This book is a collection of lyrical and innovative poetry by a Victorian-era English poet known for his radical departure from traditional verse forms and his use of what he called "sprung rhythm." The poems explore themes of nature, religion, and melancholy, often with intense emotion and vivid imagery. The poet's work, not fully appreciated during his lifetime, has since been recognized for its daring metrical and linguistic experiments, its rich sound play, and its deep spiritual fervor, influencing modern poetry and establishing him as a significant figure in English literature.

    The 2276th Greatest Book of All Time
  • Last Poems by A. E. Housman

    "Last Poems" is a collection of lyrical verse that delves into themes of mortality, the passage of time, and the bittersweet nature of human life. The poems, characterized by their classical simplicity and emotional depth, reflect the author's preoccupation with loss and the inevitable decline that comes with age. The work resonates with a sense of melancholy and a poignant longing for the irretrievable past, while also occasionally revealing a wry humor amidst its contemplation of life's transience. The poet's masterful use of language and evocative imagery invites readers to reflect on their own experiences of love, nature, and the inexorable march towards death.

    The 3093rd Greatest Book of All Time
  • Brave New World by Aldous Huxley

    Set in a dystopian future, the novel explores a society where human beings are genetically bred and pharmaceutically conditioned to serve in a ruling order. The society is divided into five castes, each with its specific roles. The narrative follows a savage who rejects the norms of this new world order and struggles to navigate the clash between the values of his upbringing and the reality of this technologically advanced, emotionless society. His resistance prompts a deep examination of the nature of freedom, individuality, and happiness.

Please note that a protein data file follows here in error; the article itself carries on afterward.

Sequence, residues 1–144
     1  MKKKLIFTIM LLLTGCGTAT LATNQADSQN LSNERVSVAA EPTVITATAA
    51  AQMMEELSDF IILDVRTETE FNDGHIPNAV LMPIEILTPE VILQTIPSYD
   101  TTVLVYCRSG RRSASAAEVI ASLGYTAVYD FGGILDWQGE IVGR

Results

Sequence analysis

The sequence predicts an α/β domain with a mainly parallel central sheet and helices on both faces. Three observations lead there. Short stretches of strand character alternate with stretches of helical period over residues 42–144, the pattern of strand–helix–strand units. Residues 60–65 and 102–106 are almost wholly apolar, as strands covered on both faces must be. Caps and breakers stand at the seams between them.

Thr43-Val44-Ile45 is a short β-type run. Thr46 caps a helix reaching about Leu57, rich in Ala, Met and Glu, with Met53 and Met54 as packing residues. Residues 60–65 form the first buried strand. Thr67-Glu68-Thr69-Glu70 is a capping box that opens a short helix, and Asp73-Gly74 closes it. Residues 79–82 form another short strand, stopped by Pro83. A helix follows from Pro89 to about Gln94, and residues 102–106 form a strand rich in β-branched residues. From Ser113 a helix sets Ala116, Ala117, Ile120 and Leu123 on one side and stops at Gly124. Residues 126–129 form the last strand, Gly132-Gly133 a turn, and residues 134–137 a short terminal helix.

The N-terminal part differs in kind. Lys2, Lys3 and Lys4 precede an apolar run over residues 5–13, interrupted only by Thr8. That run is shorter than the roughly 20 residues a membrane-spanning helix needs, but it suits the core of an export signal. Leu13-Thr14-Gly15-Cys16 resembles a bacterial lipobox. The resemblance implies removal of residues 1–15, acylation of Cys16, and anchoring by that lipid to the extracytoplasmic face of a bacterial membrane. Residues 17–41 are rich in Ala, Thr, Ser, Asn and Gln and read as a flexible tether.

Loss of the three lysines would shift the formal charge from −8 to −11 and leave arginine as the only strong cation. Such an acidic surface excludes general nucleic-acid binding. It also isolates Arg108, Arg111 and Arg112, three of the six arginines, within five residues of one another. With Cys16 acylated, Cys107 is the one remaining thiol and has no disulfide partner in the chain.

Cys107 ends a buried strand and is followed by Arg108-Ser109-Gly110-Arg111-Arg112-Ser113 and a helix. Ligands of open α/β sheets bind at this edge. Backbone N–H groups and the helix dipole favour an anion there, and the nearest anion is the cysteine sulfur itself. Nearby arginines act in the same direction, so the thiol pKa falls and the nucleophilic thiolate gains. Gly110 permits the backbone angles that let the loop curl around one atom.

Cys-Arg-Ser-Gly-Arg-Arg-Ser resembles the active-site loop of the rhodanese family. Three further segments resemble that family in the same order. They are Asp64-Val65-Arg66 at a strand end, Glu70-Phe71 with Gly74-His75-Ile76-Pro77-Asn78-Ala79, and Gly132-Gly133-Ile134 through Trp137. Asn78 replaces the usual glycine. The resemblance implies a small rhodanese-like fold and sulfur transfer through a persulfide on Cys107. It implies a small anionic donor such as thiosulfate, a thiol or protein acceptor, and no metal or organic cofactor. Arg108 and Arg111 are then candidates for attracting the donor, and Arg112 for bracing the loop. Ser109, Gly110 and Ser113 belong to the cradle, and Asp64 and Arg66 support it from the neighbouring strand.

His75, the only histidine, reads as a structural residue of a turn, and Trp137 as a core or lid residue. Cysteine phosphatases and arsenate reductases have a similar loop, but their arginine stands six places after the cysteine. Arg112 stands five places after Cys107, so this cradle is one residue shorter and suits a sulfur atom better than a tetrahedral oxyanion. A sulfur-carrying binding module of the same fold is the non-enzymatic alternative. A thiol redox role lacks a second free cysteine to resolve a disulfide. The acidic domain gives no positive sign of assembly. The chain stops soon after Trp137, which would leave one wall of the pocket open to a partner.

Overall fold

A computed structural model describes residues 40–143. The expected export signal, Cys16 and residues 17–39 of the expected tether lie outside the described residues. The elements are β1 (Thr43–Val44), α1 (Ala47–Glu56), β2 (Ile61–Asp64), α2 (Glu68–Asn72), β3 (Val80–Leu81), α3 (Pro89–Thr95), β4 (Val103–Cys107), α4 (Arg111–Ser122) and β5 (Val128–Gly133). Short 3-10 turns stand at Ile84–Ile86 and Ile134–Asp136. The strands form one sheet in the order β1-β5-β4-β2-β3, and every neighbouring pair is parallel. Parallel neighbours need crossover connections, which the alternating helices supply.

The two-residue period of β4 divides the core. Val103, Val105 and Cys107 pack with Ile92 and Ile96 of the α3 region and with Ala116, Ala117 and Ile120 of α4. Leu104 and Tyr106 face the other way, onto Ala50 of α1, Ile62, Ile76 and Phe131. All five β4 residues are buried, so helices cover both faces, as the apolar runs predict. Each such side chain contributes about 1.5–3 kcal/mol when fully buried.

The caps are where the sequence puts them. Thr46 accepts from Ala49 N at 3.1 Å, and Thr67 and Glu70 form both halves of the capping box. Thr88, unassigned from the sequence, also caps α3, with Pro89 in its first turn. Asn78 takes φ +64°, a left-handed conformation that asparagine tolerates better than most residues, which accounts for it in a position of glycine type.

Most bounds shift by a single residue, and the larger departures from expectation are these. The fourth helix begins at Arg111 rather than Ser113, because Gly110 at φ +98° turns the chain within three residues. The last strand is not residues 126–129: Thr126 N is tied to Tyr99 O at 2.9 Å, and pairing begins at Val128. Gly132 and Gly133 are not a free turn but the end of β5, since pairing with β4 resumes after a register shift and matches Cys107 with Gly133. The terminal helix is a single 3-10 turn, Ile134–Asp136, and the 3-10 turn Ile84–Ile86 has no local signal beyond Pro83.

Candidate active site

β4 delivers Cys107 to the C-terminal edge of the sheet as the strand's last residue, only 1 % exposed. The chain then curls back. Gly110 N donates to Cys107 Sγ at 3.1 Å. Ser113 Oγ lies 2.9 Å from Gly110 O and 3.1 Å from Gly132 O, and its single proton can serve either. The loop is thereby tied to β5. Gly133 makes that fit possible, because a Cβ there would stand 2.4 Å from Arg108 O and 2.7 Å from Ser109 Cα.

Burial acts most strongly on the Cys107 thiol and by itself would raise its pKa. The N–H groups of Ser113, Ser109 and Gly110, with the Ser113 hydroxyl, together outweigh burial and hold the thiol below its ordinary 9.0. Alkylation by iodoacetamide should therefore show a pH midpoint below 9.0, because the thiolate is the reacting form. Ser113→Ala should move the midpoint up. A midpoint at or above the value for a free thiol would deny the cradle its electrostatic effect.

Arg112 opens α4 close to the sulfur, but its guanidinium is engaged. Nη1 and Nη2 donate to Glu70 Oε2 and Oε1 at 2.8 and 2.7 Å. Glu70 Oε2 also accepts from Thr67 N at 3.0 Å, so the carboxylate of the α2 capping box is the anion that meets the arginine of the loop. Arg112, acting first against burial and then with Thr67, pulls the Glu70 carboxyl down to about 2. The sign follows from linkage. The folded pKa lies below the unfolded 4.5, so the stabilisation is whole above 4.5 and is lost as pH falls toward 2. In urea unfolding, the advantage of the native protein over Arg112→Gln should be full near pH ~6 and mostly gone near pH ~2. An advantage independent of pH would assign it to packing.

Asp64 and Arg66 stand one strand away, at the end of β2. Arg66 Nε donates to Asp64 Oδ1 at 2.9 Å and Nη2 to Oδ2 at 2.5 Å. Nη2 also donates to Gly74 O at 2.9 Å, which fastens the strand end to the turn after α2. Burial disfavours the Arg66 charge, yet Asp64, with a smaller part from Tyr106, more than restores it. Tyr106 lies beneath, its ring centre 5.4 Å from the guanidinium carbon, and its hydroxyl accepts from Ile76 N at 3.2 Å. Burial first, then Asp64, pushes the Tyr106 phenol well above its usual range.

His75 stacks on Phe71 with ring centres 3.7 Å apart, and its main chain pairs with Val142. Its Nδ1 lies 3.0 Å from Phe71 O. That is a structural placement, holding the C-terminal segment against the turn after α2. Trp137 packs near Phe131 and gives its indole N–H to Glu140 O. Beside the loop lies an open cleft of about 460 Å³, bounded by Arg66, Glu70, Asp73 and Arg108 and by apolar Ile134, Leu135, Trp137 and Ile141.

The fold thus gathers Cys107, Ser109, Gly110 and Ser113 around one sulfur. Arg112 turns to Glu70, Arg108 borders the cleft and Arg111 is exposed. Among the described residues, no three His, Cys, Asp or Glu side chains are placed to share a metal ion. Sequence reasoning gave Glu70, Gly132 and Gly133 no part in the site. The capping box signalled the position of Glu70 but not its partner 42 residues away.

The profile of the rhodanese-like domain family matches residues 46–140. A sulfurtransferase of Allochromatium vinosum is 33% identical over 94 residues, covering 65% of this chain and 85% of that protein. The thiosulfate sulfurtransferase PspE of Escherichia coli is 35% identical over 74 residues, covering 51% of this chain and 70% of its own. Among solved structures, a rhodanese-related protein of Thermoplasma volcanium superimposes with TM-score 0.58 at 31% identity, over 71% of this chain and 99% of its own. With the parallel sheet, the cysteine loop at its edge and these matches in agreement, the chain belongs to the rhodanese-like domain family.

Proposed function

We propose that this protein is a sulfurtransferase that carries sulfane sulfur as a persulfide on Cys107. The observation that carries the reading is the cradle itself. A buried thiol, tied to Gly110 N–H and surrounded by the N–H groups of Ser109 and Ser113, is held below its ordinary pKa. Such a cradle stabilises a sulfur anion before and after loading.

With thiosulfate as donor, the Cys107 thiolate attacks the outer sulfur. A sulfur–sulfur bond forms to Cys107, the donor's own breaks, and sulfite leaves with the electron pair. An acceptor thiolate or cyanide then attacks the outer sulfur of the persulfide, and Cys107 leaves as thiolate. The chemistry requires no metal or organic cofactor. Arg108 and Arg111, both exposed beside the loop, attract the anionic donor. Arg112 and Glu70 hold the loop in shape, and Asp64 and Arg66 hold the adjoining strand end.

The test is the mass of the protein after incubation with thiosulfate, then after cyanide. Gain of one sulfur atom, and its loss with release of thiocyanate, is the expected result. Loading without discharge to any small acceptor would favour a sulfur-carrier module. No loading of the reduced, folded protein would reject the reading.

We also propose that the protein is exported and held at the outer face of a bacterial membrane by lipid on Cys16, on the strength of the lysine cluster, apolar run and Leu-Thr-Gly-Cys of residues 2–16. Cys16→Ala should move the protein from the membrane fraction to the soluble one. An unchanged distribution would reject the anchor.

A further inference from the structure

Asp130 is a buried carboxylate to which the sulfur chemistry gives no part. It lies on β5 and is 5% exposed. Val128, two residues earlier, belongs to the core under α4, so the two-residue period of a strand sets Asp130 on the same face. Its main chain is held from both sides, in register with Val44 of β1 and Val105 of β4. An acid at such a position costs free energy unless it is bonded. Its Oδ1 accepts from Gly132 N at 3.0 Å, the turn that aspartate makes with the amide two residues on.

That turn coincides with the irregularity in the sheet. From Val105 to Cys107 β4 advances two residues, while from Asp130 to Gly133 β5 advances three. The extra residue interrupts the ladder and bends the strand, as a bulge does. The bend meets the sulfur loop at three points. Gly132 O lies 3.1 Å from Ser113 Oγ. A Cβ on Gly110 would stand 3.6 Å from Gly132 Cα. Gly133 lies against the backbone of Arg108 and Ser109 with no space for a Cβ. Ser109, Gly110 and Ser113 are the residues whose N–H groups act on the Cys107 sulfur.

The 42nd Greatest Book of All Time
  • The Golden Bowl by Henry James

    The Golden Bowl is a complex narrative that revolves around an American woman and her daughter who marry a father and son. The daughter's husband previously had a romantic relationship with the mother's husband, leading to a tense and intricate web of relationships. The novel explores themes of marriage, adultery, and familial bonds, and is renowned for its detailed characterization and intricate plot structure.

    The 431st Greatest Book of All Time
  • Ulysses by James Joyce

    Set in Dublin, the novel follows a day in the life of Leopold Bloom, an advertising salesman, as he navigates the city. The narrative, heavily influenced by Homer's Odyssey, explores themes of identity, heroism, and the complexities of everyday life. It is renowned for its stream-of-consciousness style and complex structure, making it a challenging but rewarding read.

    The 3rd Greatest Book of All Time
  • The Perfect Storm by Sebastian Junger

    This non-fiction book narrates the story of the Andrea Gail, a commercial fishing vessel that was lost at sea during the "Perfect Storm" of 1991. The author combines meteorological science, history, and personal accounts to paint a vivid picture of the harrowing ordeal faced by these six fishermen. The book also explores the dangerous profession of deep-sea fishing and the tight-knit communities that are affected by such tragedies.

    The 2371st Greatest Book of All Time
  • The Trial by Franz Kafka

    The book revolves around a bank clerk who wakes one morning to find himself under arrest for an unspecified crime. Despite not being detained, he is subjected to the psychological torment of a bizarre and nightmarish judicial process. The story is a critique of bureaucracy, exploring themes of guilt, alienation and the inefficiency of the justice system.

    The 39th Greatest Book of All Time
  • On the Road by Jack Kerouac